Valuing your worthIt’s fantastic to receive a job offer - likely the culmination of an interview process that has taken time, hard work and not a little anxiety along the way. But no matter what your seniority or experience, the salary negotiation can be tricky. Done badly, it can also create bad feeling or, worse, can lead to the recruiting firm rescinding its offer. Finance departments of law firms have grown rapidly in recent years, offering many specialist and generalist roles to finance candidates – at all levels of seniority. Traditional finance roles have grown in status while new roles are frequently coming into play, in areas like pricing, project/finance analysis and e-billing. This means there is often fierce competition for good candidates, with law firms willing to offer attractive salaries to those who fit the bill. At the same time, candidates have to be savvy. Law firms will have strict budgets for each role and will enter salary negotiations with a well-informed sense of what they deem a fair market offer that is aligned to their impressions of how much support you will need to get fully up and running. Hopefully, you will see eye to eye on this. But occasionally, there can be a gap between a candidate and a firm’s salary expectations. This is where discussions start.
Balanced approachSo how can you ensure you approach the salary negotiation with a fair-minded attitude that also protects your best interests? In this piece, we provide some tips and advice based on our many years of helping to agree remuneration packages for our candidates.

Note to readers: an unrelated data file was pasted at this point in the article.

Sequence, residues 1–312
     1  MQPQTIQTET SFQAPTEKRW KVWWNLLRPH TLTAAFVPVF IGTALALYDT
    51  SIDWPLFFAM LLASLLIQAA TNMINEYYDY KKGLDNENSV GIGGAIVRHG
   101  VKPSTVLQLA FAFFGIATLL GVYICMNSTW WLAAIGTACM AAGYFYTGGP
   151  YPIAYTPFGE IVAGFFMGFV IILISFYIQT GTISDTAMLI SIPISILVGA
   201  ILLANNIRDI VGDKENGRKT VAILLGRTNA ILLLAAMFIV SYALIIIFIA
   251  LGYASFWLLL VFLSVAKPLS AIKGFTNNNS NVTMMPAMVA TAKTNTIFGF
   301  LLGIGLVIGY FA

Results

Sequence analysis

- Research the market. Have a good sense of what is a fair market price for the roles you are seeking. And apply for the right jobs at the right level. A good recruiter will be able to offer advice and support here.
- Firms will typically allocate a specific budget for any given role – say £32,000 to £42,000 for a Senior Legal Cashier role. If you are then offered the role at £38,000 don’t immediately come back asking for £50,000. It’s not going to happen no matter how good you think you are.
- Speaking of which, be realistic about your skills/experience. If a firm is offering good training, it may be worth accepting a lower offer for the career development opportunities you will get.
- There are certainly times when negotiation is necessary – for example, if the offer comes in below your expectations and the salary bracket advertised. In this situation, be professional, outline your concerns and see if there might be movement. Do not go blasting in with an inflated ego or risk losing the offer. Again, a recruiter can be very useful here to act as a fair broker.
- If you are in the lucky position of having more than one offer on the table, play it carefully. Yes, you can say that another firm has offered you more in the hope of raising the offer. But only do so for a job you really want, or you may risk a) ending up with the job you didn’t want so much or b) putting off all parties. There is a limit to a firm’s patience on these matters.
- Likewise, don’t pretend to have another offer unless it’s 100% true. Firms are not stupid!
- Think beyond salary. Firms typically offer a package of benefits beyond just salary. Try to see the big picture.
- Also remember that you should not be a finished product when you start a new job. If you meet every requirement of the role and consider yourself to be at the very top end of the salary bracket, it may also be worth considering whether the role will stretch you enough, regardless of salary. It can be easy to allow a good salary to corner you in roles that you have outgrown when it would be better to take a step back, learn new skills and take a bigger career leap forwards long-term.